The French water report

While the report's basic facts presented appear fair, the conclusion relating caused an uproar in Jerusalem.

Lebanese villagers play in water 311 (photo credit: REUTERS)
Lebanese villagers play in water 311
(photo credit: REUTERS)
On December 13 the Foreign Affairs Committee of the French National Assembly published a monumental, 320-page report on the geopolitics of water, penned by Socialist Member of the National Assembly Jean Glavany.
The report dealt with two current international water conflicts: a conflict between Kazakhstan and Uzbekistan over the Aral Sea Basin in Central Asia, and the case of the Jordan River Basin, involving Israel, Lebanon, Syria, Jordan and the West Bank. In the case of the Jordan River Basin, most of the emphasis is on Israeli-Palestinian relations.
While the basic facts presented in the report appear to be fair, the conclusion relating to Israel caused an uproar in Jerusalem – especially the title of a box within the report: “Water, Revealing a New Apartheid in the Middle East.”
After analyzing the history of the term “apartheid” and admitting that “Palestine is not South Africa, and 2010 is not 1990,” the report nevertheless accuses Israel of conducting an apartheid policy in the West Bank.
The report is critical of the disparity in water allocation between 450,000 Jewish “colonial settlers” (in the words of the report) and 2.3 million Palestinians. The report also accuses Israel of blocking attempts by the Palestinian Authority to develop its meager water resources, and sealing Palestinian wells and cisterns.
While the report admits that Israel is acting most of the time within the framework of the agreements relating to water resources in the Oslo Accords, it emphasizes the basic injustice of Israel’s de facto control of their implementation.
The most worrying aspect of this whole affair is that while Israel knew all along that a report was being prepared by the National Assembly, and although senior Israeli water experts, as well as Minister of Energy and Water Uzi Landau, actually met with MNA Jean Glavany when he visited Israel last May, no one in the Israeli Embassy in Paris bothered to follow up progress on the report, or ask to see a draft before it was published. The report was first seen in the Foreign Ministry on the website of the National Assembly, several days after its publication. Someone in the Israeli Embassy in Paris fell asleep on watch.
IT IS perfectly legitimate to argue that Israel’s occupation policy in the West Bank has shifted since 1967 from one of benevolence to daily occurrences of brutality against the background of objective security concerns. But while one could argue that Israel is in breach of the Fourth Geneva Convention relating to occupied territories, the situation is not as black and white as presented in the French report.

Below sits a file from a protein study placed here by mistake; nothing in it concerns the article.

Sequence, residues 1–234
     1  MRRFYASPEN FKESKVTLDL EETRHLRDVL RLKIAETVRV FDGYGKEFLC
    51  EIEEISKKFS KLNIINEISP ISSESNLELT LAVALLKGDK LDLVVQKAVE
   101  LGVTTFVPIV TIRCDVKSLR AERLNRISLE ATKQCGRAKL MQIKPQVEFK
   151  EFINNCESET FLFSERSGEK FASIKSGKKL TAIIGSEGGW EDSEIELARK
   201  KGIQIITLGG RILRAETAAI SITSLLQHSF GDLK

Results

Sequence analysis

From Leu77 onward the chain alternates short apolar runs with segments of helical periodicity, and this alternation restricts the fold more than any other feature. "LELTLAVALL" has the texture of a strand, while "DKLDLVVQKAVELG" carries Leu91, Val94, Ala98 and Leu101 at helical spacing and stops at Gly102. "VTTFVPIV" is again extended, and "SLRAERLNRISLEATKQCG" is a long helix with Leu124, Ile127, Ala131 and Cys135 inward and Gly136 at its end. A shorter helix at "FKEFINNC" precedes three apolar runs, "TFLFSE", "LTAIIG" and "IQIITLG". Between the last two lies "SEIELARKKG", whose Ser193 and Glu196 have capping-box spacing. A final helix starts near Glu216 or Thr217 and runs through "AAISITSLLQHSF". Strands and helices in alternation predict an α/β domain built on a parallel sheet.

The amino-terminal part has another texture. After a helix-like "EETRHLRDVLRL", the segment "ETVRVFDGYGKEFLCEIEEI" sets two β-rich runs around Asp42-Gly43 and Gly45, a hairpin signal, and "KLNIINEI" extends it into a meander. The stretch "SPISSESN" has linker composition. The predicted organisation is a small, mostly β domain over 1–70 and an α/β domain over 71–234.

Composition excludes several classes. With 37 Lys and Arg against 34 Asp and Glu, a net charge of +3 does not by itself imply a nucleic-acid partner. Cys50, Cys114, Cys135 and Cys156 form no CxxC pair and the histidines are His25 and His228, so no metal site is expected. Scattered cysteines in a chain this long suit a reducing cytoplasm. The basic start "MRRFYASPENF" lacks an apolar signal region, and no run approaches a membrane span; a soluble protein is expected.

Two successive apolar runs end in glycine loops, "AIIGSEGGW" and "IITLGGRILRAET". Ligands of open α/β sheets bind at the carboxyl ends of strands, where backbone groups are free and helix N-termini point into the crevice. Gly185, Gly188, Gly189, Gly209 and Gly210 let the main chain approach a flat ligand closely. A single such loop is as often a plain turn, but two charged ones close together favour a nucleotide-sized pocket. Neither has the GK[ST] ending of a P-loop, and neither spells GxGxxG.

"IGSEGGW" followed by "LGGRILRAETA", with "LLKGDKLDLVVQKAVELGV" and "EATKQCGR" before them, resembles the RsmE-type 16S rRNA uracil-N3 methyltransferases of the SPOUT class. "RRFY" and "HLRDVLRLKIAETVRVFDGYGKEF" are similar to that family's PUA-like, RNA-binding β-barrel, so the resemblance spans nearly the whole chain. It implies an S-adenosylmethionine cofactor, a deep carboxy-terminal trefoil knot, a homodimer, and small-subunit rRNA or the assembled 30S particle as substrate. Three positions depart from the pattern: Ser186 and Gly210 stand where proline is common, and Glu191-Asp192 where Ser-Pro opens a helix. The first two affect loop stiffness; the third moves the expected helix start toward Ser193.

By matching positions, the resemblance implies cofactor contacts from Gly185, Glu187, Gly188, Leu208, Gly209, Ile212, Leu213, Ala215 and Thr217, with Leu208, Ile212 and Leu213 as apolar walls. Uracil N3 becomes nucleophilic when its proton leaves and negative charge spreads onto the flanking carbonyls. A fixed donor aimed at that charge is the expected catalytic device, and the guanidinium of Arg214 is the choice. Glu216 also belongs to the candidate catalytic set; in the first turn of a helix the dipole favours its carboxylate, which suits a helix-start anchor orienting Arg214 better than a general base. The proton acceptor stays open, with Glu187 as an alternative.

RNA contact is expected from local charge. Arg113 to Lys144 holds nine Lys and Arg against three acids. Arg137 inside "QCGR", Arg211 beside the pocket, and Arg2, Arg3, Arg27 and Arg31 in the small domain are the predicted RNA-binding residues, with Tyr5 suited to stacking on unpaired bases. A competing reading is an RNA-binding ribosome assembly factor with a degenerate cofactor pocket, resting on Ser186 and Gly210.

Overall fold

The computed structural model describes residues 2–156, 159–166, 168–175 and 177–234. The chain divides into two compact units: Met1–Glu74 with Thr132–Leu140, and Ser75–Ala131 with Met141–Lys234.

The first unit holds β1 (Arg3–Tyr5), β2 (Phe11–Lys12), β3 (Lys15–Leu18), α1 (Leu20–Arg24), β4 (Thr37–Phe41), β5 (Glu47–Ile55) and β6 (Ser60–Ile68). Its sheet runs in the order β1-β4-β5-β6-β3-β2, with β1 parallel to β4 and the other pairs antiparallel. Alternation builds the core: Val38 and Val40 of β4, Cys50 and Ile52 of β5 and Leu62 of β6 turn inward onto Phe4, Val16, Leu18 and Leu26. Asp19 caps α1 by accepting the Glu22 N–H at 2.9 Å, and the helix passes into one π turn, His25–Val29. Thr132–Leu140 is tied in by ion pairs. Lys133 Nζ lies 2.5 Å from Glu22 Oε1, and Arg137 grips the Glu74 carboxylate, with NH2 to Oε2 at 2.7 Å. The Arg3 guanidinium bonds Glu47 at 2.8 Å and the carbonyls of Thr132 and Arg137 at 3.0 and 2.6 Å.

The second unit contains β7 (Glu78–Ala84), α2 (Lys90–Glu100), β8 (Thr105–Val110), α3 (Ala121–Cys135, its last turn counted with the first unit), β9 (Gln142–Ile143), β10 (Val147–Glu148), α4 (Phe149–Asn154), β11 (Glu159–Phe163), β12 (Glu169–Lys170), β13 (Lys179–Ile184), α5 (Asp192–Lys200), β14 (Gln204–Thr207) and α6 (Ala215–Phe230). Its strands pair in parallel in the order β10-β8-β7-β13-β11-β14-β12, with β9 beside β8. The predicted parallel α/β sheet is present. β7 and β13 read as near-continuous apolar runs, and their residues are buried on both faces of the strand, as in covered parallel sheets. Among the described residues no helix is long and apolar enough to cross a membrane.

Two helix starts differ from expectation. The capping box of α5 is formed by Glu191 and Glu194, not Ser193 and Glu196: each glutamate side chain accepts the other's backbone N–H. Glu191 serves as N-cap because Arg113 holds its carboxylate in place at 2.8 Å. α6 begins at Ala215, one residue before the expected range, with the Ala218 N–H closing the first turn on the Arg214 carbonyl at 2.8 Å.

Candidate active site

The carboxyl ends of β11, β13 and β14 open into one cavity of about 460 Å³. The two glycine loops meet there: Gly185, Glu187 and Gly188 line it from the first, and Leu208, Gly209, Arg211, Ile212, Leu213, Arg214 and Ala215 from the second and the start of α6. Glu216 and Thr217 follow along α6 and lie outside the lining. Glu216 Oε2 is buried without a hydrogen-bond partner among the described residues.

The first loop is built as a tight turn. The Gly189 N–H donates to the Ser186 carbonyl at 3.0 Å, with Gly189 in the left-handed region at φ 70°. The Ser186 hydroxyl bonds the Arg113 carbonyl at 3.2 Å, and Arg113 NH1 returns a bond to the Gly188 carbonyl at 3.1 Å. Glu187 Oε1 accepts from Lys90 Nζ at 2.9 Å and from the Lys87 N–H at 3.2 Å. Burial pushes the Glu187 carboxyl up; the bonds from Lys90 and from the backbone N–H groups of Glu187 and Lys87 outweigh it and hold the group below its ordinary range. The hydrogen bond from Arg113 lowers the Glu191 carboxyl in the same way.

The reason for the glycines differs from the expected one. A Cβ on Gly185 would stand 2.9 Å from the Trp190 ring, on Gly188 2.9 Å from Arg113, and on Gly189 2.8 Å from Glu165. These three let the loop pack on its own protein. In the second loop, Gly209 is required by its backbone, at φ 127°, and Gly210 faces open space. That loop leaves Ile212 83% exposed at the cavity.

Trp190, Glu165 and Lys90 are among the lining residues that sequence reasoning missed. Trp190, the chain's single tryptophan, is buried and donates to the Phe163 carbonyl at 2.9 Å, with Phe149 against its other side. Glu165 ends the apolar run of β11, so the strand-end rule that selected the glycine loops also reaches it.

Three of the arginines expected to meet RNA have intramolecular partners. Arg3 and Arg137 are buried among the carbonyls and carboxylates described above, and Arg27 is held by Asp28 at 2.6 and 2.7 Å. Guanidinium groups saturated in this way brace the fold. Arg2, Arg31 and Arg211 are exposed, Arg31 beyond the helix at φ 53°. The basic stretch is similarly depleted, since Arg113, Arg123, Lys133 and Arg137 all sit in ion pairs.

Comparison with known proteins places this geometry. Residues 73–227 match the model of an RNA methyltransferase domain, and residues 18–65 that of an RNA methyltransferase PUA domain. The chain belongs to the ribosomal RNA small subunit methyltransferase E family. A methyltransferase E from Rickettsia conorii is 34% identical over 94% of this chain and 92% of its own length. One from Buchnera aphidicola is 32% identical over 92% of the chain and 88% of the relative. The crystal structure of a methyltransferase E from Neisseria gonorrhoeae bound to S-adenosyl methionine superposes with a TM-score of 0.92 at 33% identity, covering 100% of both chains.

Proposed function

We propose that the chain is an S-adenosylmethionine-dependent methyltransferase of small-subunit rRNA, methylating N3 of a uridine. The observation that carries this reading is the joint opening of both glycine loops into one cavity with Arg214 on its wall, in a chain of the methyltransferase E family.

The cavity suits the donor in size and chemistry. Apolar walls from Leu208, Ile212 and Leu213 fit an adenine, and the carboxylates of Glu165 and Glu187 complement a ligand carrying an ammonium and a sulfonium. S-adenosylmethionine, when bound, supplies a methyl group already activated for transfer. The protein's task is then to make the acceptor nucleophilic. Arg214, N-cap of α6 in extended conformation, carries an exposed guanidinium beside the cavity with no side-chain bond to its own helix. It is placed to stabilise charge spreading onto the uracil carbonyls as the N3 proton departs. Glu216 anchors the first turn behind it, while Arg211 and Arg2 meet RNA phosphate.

In the first place, the term “apartheid” applies when one population group is systematically segregated and discriminated against in a single, sovereign state. As long as the West Bank is not annexed to the State of Israel, the term apartheid simply does not apply, though other strongly critical terms might certainly be applicable when speaking of Israel’s conduct vis-à-vis the Palestinians.
Even King Abdullah of Jordan, who recently stated that in the absence of a two-state solution the result will either be with a single democratic state, or a single apartheid state, avoided terming the current situation as apartheid.
But there are additional facts that must be emphasized. The first is that up to the Six Day War Jerusalem and most of the West Bank were connected to running water only two or three days a week, so that the situation today, despite the major increase in the Palestinian population, has unquestionably improved.
The second is that even if Israel were to distribute the available water equally between the Palestinians and the Jewish settlers in the West Bank, and were to agree to share the aquifers more fairly with the Palestinian Authority, the whole area of Mandatory Palestine (Israel, Jordan and the West Bank) suffers from an acute water shortage, which can only be resolved by means of effective regional effluent purification projects, and massive desalination plants along the coast of Israel and the Gaza Strip. This applies no matter what shape the eventual political settlement in our region will take.
One final point ought to be mentioned. All the Israeli Committees of Inquiry that investigated the water crisis in Israel in recent decades, including the most recent National Committee of Inquiry on the Management of the Water Sector, that published its report two years ago, failed to deal with the regional issue, which is considered political, and therefore outside the bounds of a purely professional investigation. This might prove to have been a mistake, at least in terms of Israeli hasbara.

The writer was a Knesset employee for many years, and wrote the final report of the Parliamentary Committee of Inquiry on the Israeli Water Sector, in 2002.